Most people build neither the finest houses nor the most impressive facilities next to a train track. I might. I like the sound of a passing train: it means travel and adventure. But I may be warped: in this case because I heard lots of folk songs and country and western music as a young adult.
We decided to take the Auto Train from Sanford, Florida to Lorton, Virginia on our way to Hershey for my 50th high school reunion. Driving with motel bills for a couple nights – we are too old to push through in one or two days – would have been the least expensive way to travel. But we have been up and down the East Coast so often, it is hard to find anything novel. Flying wouldn’t have been much more expensive even after renting a car for the weekend, but the airlines seem to be conspiring to make every flight less comfortable. So we took the train. It was the most expensive way to go only because we wanted to have the comfort of our own bedroom and bath. There was also a small additional charge because our SUV, loaded with more than we would ever consider taking on a plane, was deemed an “over-sized” vehicle. I like their phone number: 1-800-SKIP – I-95.
Paul, our porter, greeted us when we arrived, made note of when we wanted our beds made up, and informed us there was free wine and cheese in the lounge car. I settled down for a few minutes with a newspaper that was provided in our room before heading for the lounge car where we shared a table with Ed and Judy, a dentist and his wife who had been taking the train since their adult daughters were small. There is a lounge car with a bar in the evening and a cold breakfast (cereals, bagels, muffins, fruit) in the morning.
Having chosen late seating for dinner, after our wine, we went back to our compartment to read and look out the window. I find looking at the homes and shops, even “poor” ones, interesting. They are the guts of America. I like crossing streams and rivers. I like passing freight trains. I like looking at autos waiting for the train to pass behind the barriers on crossroads. I like looking down the main streets of small towns. Dinner tables (those for sleeping cars) have table cloths, and a choice of entrees is accompanied by wine.
The routine is the same going both directions. One is asked to arrive at the station by 2:00 p.m. although they begin accepting vehicles as early as 11:30 a.m. As we drive for several hours to get to the station and traffic around both Lorton and Sanford (Orlando) is often congested, when going either direction, we go a little early and have lunch. Sanford has been renewed to become a quite attractive spot with many restaurants, antique stores, gift shops, galleries etc. Lorton Station is a new development with shops, restaurants, homes and apartments where we had a good meal at the Fireside Grill.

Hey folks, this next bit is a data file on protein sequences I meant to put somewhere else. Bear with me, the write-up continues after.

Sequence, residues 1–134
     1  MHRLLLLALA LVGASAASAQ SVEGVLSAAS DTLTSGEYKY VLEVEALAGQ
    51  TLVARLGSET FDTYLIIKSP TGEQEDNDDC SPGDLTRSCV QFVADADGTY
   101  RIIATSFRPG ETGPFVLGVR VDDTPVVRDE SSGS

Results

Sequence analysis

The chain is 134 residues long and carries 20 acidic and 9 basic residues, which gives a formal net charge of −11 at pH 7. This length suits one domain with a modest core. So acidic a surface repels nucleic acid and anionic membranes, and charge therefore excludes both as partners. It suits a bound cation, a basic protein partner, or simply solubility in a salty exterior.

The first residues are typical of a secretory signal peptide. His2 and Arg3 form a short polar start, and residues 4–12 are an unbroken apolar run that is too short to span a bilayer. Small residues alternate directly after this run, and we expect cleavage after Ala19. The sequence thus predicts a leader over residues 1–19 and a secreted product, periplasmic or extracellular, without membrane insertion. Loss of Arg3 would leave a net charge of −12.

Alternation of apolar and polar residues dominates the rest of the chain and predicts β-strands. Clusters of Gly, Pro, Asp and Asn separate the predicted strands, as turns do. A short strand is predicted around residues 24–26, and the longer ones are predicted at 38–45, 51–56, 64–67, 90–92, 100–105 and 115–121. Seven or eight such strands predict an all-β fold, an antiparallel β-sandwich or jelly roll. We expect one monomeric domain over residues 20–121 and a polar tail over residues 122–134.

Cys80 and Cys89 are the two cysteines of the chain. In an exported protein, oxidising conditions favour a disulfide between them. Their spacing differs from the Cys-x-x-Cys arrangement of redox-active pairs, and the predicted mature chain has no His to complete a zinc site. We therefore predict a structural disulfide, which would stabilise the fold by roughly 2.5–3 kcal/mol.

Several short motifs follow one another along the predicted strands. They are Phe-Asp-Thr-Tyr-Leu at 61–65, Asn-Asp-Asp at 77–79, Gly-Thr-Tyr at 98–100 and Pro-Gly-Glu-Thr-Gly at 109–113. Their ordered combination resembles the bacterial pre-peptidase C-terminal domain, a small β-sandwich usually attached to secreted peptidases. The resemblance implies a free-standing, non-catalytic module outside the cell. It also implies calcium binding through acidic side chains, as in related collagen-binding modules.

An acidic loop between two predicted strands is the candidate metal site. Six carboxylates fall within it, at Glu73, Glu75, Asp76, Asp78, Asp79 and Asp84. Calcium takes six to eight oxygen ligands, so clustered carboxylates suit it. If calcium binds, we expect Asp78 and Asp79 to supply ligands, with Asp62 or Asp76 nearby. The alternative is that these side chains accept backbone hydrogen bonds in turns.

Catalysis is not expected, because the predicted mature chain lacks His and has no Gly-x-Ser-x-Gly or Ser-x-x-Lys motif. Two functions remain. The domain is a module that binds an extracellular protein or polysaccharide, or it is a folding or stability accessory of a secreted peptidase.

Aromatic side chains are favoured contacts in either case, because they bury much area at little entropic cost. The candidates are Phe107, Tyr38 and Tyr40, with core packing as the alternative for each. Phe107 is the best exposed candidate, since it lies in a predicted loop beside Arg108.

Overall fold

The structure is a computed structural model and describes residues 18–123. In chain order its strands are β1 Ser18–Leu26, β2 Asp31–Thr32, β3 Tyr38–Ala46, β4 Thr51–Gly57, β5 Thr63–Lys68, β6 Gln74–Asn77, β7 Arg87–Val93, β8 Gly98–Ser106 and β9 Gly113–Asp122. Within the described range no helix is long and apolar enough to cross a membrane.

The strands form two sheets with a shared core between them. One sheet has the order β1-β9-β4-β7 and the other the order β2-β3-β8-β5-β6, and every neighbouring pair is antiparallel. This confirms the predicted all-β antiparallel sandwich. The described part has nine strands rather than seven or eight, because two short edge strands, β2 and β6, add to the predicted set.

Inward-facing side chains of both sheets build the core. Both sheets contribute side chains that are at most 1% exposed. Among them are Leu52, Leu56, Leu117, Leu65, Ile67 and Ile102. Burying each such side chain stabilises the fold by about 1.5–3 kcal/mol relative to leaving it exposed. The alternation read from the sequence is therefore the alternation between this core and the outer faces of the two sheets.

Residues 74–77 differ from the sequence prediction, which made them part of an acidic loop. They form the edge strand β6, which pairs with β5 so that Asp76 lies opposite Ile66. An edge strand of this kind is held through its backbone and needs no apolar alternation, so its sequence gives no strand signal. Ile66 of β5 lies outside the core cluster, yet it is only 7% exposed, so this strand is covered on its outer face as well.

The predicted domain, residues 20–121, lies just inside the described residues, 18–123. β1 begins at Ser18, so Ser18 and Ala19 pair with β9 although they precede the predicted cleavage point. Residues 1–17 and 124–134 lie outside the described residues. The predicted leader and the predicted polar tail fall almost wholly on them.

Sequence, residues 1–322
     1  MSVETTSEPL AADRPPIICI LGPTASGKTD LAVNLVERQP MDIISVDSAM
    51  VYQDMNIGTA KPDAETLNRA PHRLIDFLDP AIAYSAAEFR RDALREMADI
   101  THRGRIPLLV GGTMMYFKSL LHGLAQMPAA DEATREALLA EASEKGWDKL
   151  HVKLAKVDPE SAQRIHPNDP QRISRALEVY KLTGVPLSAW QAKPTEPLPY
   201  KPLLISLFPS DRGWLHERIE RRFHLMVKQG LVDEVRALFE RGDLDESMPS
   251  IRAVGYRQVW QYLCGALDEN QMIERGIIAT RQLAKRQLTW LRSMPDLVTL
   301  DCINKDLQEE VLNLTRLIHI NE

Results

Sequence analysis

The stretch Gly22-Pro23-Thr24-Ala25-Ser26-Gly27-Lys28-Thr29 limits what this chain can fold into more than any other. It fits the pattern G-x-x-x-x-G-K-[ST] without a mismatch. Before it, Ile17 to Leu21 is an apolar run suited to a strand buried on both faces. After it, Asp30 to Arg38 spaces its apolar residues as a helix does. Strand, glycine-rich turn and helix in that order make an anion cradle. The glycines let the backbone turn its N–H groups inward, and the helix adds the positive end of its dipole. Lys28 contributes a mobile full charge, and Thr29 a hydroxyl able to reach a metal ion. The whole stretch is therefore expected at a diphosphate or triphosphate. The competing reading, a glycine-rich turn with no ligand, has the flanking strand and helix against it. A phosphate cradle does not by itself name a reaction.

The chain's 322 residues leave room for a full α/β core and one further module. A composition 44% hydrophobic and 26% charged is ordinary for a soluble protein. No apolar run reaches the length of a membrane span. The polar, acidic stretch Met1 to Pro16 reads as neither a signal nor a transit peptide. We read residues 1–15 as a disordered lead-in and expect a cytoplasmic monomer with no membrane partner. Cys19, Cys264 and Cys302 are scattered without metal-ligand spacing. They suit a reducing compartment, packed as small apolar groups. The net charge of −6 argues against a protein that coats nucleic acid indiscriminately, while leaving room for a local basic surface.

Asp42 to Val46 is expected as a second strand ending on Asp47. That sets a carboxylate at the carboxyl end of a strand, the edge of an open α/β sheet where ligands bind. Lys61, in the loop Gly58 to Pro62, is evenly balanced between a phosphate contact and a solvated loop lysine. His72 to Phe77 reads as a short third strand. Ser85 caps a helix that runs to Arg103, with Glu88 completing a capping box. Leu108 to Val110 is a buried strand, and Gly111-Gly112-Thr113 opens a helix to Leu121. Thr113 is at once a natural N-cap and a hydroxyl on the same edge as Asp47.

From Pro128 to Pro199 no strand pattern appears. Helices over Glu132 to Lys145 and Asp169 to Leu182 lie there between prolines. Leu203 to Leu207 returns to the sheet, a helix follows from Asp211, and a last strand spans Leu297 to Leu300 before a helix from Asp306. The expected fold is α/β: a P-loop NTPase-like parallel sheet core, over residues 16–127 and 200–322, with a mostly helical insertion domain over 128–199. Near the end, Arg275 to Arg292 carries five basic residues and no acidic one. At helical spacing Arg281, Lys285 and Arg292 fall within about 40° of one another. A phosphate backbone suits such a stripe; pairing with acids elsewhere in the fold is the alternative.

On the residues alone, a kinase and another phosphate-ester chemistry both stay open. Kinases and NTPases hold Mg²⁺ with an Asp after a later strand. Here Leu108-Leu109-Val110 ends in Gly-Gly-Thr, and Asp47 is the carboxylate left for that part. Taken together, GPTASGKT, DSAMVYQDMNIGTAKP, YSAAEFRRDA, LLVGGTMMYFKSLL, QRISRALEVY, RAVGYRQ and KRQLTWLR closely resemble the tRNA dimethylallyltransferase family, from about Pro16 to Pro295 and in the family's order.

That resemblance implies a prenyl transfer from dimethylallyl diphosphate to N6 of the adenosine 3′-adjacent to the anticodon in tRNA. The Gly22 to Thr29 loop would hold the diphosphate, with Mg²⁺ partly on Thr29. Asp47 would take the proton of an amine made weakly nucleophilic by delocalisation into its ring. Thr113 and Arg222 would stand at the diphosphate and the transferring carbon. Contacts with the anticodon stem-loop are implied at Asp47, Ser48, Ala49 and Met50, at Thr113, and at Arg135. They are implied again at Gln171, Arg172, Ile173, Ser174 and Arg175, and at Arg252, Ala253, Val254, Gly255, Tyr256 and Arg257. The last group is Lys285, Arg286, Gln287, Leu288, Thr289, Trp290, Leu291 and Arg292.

The train departs about 4:00 p.m. (we left early) and arrives the next morning by nine. Vehicles come off the train as they are loaded, but this is not necessarily the order in which they arrive. They also transport motorcycles, even those with sidecars, strapped to their own little train of wagons that goes inside the freight cars.
When we arrived in Lorton, I was taking pictures of the cars being unloaded when Alie said “there is our car.” It was the third off. On another occasion, we were second to last: that has a special annoyance because the owners of the last car get gifts. Second to last takes about an hour.
One must travel with a vehicle. Everyone pays a basic fare, but the cost of the vehicle could be shared by everyone traveling in it. There is no additional charge for meals. One can travel in coach with a spacious reclining seat, or pay more for a “roomette” which makes up into upper and lower berths, a “family bedroom” with four berths, or a “bedroom” with an additional chair, sink and toilet/shower combination. Two bedrooms can be connected. Most fares are refundable if you need to cancel.
One final tip: fares for bedrooms going north in the fall and south in the spring are much cheaper than fares for trips the opposite direction — the “snowbirds” are traveling then.